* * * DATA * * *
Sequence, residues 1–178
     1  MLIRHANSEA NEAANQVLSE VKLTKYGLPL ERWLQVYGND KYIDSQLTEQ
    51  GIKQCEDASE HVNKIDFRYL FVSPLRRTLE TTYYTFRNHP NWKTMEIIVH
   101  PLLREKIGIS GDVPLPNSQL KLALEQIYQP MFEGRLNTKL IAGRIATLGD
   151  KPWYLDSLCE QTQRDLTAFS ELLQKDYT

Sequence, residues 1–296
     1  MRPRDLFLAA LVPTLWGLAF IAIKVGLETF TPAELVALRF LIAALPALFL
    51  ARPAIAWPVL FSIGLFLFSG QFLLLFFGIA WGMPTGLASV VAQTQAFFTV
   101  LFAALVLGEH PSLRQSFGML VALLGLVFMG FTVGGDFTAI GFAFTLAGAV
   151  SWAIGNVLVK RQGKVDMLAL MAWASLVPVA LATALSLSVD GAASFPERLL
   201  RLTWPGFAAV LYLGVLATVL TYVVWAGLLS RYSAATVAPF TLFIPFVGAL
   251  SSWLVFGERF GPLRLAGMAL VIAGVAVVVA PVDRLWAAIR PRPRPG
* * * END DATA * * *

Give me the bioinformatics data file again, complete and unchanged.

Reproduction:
Sequence, residues 1–178
     1  MLIRHANSEA NEAANQVLSE VKLTKYGLPL ERWLQVYGND KYIDSQLTEQ
    51  GIKQCEDASE HVNKIDFRYL FVSPLRRTLE TTYYTFRNHP NWKTMEIIVH
   101  PLLREKIGIS GDVPLPNSQL KLALEQIYQP MFEGRLNTKL IAGRIATLGD
   151  KPWYLDSLCE QTQRDLTAFS ELLQKDYT

Sequence, residues 1–296
     1  MRPRDLFLAA LVPTLWGLAF IAIKVGLETF TPAELVALRF LIAALPALFL
    51  ARPAIAWPVL FSIGLFLFSG QFLLLFFGIA WGMPTGLASV VAQTQAFFTV
   101  LFAALVLGEH PSLRQSFGML VALLGLVFMG FTVGGDFTAI GFAFTLAGAV
   151  SWAIGNVLVK RQGKVDMLAL MAWASLVPVA LATALSLSVD GAASFPERLL
   201  RLTWPGFAAV LYLGVLATVL TYVVWAGLLS RYSAATVAPF TLFIPFVGAL
   251  SSWLVFGERF GPLRLAGMAL VIAGVAVVVA PVDRLWAAIR PRPRPG